Good news is that the tyres are good, meaning I probably don’t need those. Despite really liking the look http://www.fiat500club.org.uk
Bad news is:
i. Oil leak - this project is fairly long term so while I could just replace the engine I really want to be able to run around in it for now.
ii. Driver’s door lock is stuffed - need a new one.
iii. Heating is screwed - need to figure this out as it may also affect the cooling of the engine. Plus these Dutch winters are terrible - I was shivering despite wearing 2 tshirts, a jacket, a coat, a hat and gloves.
iv. Electrics - someone in the past has had a bit of a play around with the electrics - there’s a number of switches that don’t work and a few new ones (some of which also have no apparent function).
Windscreen washers - who’d’ve guessed a classic fiat 500 doesn’t have window washers? well, not me until I’m following a truck with a low winter sun and all I can do is spread the muck around the windscreen.
Hurrah, it does have windscreen washers! there’s a hand pump under the steering column, looks like it’s broken though - only the passenger side washer works. So that’s only half a job less to do:
pump the button in the centre of the pic for water!
vi. Window seals - the aluminium is going on the drivers side.
vii. new soft top - there’s a small tear that I missed on the test drive :(
So that’s more than doubled the list, best get cracking! and one more pic showing just how small the thing is:
parked next to the boss’ X5, can barely see it over the bonnet!
Well, there was quite a delay between my initial deposit and finally getting the fiat 500, mainly due to the Dutch insisting that I become a burger before I can register it, but yesterday was the day. And what better way to find out if a 40 year old car truly works than a 250km roadtrip?
I decided to pace myself - 50km then park in a McD’s have a quick look over the thing. While I’m checking the engine bay a Polish guy started shouting Dutch at me from his car (I’m guessing he was Polish based on the license plate) then pointed at the car and smiled - my Dutch is terrible at the best of times, something about big man, little car but the accent threw me so I replied “sorry, I’m English”. “Ah!” he grunted and pulled out a camcorder box “I’m selling these cheap”.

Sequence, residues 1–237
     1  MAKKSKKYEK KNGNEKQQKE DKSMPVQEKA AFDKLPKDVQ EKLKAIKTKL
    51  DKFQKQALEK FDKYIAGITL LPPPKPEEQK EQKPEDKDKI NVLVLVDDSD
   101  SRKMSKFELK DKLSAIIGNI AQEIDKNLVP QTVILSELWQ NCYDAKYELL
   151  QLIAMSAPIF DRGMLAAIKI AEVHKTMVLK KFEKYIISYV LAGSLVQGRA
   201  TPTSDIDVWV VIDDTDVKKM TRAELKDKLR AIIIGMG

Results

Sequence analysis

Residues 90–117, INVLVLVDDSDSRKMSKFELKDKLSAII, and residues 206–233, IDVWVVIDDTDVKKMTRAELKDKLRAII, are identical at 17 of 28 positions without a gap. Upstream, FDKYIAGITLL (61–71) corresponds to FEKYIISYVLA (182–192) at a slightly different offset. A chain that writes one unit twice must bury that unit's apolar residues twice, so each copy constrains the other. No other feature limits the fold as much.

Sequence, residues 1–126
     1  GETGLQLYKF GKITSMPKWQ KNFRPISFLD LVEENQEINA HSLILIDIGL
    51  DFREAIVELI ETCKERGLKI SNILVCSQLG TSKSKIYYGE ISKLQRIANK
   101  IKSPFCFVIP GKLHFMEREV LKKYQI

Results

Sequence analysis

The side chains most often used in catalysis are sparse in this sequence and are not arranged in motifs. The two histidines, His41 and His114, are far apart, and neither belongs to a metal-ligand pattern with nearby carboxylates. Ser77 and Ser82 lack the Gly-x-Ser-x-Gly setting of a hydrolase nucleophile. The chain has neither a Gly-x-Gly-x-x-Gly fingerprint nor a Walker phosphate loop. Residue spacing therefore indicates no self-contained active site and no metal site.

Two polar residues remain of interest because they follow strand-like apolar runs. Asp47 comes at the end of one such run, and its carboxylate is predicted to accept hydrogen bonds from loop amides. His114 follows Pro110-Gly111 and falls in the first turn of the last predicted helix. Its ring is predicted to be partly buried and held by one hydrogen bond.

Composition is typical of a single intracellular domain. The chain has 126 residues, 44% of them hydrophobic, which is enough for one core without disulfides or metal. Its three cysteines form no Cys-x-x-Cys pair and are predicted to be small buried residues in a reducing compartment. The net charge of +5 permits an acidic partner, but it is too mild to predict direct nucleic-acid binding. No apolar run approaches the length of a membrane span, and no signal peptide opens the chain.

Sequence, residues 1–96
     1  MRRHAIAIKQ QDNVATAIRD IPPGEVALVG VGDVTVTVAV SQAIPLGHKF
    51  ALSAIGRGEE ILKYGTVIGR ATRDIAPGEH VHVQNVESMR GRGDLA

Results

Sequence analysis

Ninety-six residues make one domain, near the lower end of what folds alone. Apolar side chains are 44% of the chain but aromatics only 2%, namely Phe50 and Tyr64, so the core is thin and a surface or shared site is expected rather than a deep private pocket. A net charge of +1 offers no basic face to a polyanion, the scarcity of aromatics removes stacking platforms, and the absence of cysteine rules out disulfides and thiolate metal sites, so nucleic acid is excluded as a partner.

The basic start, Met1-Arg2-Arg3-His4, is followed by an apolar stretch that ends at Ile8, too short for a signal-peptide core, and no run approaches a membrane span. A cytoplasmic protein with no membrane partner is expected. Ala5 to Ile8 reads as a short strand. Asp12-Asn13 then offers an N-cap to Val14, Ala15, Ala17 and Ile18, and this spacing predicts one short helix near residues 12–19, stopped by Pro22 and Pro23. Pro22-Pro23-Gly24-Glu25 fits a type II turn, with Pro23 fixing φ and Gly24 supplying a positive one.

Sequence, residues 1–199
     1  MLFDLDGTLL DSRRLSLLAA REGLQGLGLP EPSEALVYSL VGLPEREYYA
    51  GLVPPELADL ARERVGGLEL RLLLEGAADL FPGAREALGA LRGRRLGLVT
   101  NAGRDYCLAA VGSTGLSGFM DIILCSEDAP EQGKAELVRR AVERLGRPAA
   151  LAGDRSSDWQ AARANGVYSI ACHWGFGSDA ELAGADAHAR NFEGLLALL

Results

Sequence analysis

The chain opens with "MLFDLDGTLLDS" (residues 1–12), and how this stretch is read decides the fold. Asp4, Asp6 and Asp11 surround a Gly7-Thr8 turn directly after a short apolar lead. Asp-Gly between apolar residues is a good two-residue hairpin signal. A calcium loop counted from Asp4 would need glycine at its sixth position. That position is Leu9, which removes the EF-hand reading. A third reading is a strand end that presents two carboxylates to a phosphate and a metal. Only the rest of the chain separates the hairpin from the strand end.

Back on the road and feeling good, hit a little over 100km/h (60mph) and the engine lets me know that’s as fast as it’s going. This makes the journey tricky - trucks tend to be limited to 80km/h which means I have to do a bit of overtaking but can’t pull out without a clear stretch, especially as the acceleration sucks. At one point I started overtaking, gradually making my way past. I was almost alongside a truck’s cab until there was a slight incline… then a head wind… then the truck was going faster than me. Cue a rather embarrassing abort and a trail of angry drivers scowling cos I’d slowed them all down. Good excuse for another 5 min check and fill up.
Filling up was tricky as the tank’s under the bonnet - only problem with that is the release spring has gone, meaning I have to pull the catch below the steering wheel whilst lifting the bonnet from outside. Fortunately I managed it, losing only my dignity in the process - I’m pretty sure I looked like I was trying to hump the thing only the door was in the way. I had to add some flash lube which I managed to pour all over myself as well as the standard unleaded - the Dutch only seem to have 95ron fuel, but a beast like this really needs 97.
Back on the road, only 60km to go. Then the problems started… A little splutter from the engine, then another, then a few. Oh balls, it’s not gonna make it, I reduce speed to a steady 80km/h and it appeases the old engine for a little way, but a short while later it starts again. Loads of options are going through my head - is it the low octane fuel? did I put too much additive in? Has something clogged the fuel lines? is the engine just screwed? and then the big choice - do I pull over and risk not getting started again, or push on and risk permanent damage?
I pulled over and made a rather simple diagnosis - there’s oil all over the engine bay. It’ll be losing oil then, found the dipstick in the dark and yup, on min. Obviously a little Texaco motorway service station doesn’t have any mineral 10w50 in stock so I bought a litre of the closest rated synthetic I could find - some oil is better than none! I’m guessing it had lost a litre, although I didn’t put it all in so that I could still have some left in case it happened again - the stupidity of that thinking only hit me once I’d started moving again, and now I feel even dafter writing it down.
So that’s it, journey done - my plan of action has changed. There are some essential jobs now that I wasn’t even intending doing. Next post will be a little more geeky based on what I’m actually going to do. That’s if fuel additives, oil and petrol grades weren’t too much for you!